TRAVEL
By Gary Gately and By Gary Gately,Special to the Sun | November 11, 2001
Walter Howard never talked about what happened at Omaha Beach. For 57 years, the war raged inside his head. He could see the bodies on the beach, feel his heart pounding and his hands trembling, hear the hot metal hitting the water -- single shots from rifles, bursts from machine guns. Still, he never spoke of it to his wife, three sons or his fellow World War II veterans. Then a few months back, Howard came from his home in Canton, Ohio, to the new National D-Day Memorial in Bedford, Va., the tiny Blue Ridge Mountain town that lost much of a generation of its boys at Omaha Beach, Normandy.
FEATURES
By Kevin Cowherd | July 30, 1998
AS A PARENT, it's my job to drag the kids off each summer to various historical sites they have absolutely no desire to see.With this in mind, we spent a day recently at the famous Civil War battlefields in Gettysburg, Pa. (Motto: "More cheesy gift shops than Saigon in '67!")As we discovered, the best way to prepare for a trip to Gettysburg is by purchasing a small, tasteful-looking ski mask and automatic weapon, and then robbing a bank.Oh, yeah, it's kind of pricey, depending on exactly what you want to do.For instance, if you just want to sit in your car in the parking lot with the windows rolled up until you pass out from the heat, it'll probably cost you only 50 or 60 bucks.
FEATURES
By Jonathan Pitts and Jonathan Pitts,SUN STAFF | June 6, 2001
The man never talked much anyway, the boy knew, and his mom told him that when his dad got back from his tour of duty in World War II, he spoke even less. That didn't bother young Joe Balkoski so much as leave him in a state of puzzlement. "When a full sentence came out of my father's mouth, it was an occasion," says Balkoski today. "He was just a quiet, reserved guy. You rarely knew what he was thinking." Maybe that's why it made such an impact on Joe - at age 8, in 1962 - when Dad corralled him one day in their New York City apartment to take him to the movies.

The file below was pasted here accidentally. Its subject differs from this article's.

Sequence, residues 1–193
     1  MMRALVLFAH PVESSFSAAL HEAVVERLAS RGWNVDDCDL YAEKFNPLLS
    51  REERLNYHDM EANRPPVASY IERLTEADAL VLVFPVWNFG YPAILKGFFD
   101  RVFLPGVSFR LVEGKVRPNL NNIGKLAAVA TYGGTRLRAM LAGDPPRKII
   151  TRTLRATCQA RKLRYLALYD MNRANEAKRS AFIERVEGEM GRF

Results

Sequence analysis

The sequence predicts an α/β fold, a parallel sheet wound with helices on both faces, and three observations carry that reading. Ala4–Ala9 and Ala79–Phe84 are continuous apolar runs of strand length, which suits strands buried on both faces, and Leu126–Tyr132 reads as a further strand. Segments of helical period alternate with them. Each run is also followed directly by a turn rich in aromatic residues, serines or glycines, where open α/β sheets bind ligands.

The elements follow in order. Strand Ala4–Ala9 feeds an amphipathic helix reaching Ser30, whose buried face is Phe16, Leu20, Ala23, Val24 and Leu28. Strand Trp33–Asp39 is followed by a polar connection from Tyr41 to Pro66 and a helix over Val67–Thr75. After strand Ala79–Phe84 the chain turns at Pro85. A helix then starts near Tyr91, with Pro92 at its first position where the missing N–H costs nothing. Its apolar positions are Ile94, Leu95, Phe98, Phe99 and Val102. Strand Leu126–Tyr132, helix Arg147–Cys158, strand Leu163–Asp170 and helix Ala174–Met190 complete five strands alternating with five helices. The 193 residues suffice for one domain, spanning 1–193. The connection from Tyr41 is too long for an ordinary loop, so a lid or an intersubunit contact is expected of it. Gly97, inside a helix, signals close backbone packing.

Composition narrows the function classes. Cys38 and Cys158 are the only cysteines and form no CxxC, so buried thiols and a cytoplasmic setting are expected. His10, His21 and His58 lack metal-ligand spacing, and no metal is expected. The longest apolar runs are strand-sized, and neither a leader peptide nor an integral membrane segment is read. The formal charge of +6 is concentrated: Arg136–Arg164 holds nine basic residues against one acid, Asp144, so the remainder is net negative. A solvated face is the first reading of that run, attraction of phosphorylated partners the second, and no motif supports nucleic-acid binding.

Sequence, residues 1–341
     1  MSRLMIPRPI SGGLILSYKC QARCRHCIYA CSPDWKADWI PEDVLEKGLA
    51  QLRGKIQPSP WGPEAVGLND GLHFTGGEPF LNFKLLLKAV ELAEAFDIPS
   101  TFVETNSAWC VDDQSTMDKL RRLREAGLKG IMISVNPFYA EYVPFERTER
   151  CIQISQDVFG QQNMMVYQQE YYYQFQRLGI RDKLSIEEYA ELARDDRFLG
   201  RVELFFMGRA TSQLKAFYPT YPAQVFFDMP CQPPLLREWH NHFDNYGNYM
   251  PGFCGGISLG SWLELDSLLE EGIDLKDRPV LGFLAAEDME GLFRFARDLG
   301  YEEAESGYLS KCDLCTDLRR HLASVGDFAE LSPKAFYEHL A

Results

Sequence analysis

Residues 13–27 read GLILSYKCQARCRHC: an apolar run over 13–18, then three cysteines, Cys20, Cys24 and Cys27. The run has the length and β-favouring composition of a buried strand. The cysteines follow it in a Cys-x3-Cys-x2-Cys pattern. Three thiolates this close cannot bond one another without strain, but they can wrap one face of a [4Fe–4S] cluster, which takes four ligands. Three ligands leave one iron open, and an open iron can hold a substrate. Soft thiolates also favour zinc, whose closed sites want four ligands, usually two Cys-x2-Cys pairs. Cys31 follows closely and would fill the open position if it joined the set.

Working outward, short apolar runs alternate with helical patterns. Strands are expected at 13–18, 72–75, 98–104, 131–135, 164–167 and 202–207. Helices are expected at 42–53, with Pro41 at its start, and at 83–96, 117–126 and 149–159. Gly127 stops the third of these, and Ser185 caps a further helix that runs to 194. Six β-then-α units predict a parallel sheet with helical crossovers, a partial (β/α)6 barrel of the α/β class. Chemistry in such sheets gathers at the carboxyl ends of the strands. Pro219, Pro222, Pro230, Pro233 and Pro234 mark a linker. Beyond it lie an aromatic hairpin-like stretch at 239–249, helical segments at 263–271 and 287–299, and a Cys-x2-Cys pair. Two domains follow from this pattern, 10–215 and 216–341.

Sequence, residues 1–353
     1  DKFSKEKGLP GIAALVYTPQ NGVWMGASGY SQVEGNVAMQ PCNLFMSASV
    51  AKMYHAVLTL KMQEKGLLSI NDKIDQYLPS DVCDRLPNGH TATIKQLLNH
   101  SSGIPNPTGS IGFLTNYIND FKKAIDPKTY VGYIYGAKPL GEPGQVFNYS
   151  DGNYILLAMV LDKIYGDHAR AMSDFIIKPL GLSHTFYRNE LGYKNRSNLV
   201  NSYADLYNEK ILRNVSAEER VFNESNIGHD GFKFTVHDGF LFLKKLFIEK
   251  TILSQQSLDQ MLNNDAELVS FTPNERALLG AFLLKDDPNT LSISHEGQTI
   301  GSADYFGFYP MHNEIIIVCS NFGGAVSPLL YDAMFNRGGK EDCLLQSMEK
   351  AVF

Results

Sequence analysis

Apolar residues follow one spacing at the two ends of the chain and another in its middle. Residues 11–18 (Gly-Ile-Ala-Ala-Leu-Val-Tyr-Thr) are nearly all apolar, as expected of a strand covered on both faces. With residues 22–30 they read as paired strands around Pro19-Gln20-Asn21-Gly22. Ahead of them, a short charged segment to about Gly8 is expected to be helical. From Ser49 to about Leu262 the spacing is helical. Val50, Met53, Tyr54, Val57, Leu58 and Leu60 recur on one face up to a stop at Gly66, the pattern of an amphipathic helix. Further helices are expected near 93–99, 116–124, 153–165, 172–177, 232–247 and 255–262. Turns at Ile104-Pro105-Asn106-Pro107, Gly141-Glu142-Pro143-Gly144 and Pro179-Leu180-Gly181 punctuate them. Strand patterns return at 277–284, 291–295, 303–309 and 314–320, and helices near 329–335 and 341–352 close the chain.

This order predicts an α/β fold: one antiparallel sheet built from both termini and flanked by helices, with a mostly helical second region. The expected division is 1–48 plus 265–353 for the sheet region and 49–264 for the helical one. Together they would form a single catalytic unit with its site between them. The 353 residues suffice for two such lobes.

NEWS
May 11, 2004
Dr. Charles N. Accettola, 90, who set up the first medical camp at Omaha Beach during the D-Day invasion of France, died Wednesday in Fort Lauderdale, Fla. Dr. Accettola joined the Army Medical Corps in 1942 and served with the 348th Engineers Combat Battalion during World War II. On D-Day, he set up the first medical camp at the Normandy landing site. He became a battalion surgeon in combat zones, leading a medical detachment of 15 men. After the war, Dr. Accettola returned to New York and eventually started a private practice specializing in internal medicine and blood disorders.
NEWS
April 20, 2008
On April 17, 2008, ERNEST P. JR; beloved husband of the late Nancy D. (nee Smith); devoted father of Calvin L. Brandt, and his wife Catherine, William E. Brandt, Debra E. Simmons, and her husband Robert; dear grandfather of William E. Brandt, JR., and Holly M. Haynes, and husband Matthew; great-grandfather of Kaitlyn Haynes; dear friend of Elaine Bevans. Due to his unusual duties in WWII, he was awarded an Arrowhead for the D-Day Invasion at Omaha Beach, France, and four Bronze Stars for the push through Normandy, Northern France, The Rhineland, Central Europe, to Leipzig, Germany.